Accounting For Bank Accounts
Bank statements are accounting records produced by banks under the various accounting standards of the world. Under GAAP and MAIC there are two kinds of accounts: debit and credit. Credit accounts are Revenue, Equity and Liabilities. Debit Accounts are Assets and Expenses. This means you credit a credit account to increase its balance, and you debit a credit account to decrease its balance.
This also means you credit your savings account every time you deposit money into it (and the account is normally in credit), while you debit your credit card account every time you spend money from it (and the account is normally in debit). However, if you read your bank statement, it will say the opposite—that you credit your account when you deposit money, and you debit it when you withdraw funds. If you have cash in your account, you have a positive (or credit) balance; if you are overdrawn, you have a negative (or deficit) balance.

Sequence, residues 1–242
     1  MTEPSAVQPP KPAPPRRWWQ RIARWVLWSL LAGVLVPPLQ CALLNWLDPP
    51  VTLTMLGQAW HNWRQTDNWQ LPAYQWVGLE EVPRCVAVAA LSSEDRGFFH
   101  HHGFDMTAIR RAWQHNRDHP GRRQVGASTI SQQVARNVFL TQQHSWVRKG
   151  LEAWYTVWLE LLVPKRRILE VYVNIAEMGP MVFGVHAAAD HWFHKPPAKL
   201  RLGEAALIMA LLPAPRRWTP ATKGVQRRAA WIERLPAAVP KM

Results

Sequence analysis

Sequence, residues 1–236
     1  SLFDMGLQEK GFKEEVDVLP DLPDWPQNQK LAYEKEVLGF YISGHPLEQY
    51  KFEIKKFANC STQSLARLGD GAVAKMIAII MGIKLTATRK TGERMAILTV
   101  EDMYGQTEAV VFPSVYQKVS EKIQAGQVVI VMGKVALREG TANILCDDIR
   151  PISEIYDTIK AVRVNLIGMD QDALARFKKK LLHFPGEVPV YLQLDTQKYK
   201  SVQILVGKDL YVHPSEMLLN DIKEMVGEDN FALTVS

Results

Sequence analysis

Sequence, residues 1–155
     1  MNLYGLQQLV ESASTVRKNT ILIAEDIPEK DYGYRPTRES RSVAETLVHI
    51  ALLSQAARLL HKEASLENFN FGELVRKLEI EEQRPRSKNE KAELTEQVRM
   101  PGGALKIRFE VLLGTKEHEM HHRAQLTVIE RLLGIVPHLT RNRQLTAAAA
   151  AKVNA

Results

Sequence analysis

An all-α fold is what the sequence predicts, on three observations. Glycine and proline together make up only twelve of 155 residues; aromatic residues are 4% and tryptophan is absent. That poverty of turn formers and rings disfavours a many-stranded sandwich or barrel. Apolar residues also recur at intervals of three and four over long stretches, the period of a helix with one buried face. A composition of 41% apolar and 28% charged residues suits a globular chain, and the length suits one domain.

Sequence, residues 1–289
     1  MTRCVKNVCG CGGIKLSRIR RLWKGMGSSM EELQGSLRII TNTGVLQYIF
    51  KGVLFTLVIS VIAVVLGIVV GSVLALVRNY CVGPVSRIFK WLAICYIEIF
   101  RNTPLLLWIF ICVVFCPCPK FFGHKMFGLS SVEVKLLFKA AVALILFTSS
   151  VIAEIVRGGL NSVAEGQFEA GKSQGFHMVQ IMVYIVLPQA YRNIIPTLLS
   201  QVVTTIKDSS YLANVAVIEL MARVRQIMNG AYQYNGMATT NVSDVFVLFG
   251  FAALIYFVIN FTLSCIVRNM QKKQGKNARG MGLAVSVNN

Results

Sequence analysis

Where bank transactions, balances, credits and debits are discussed below, they are done so from the viewpoint of the account holder—which is traditionally what most people are used to seeing.
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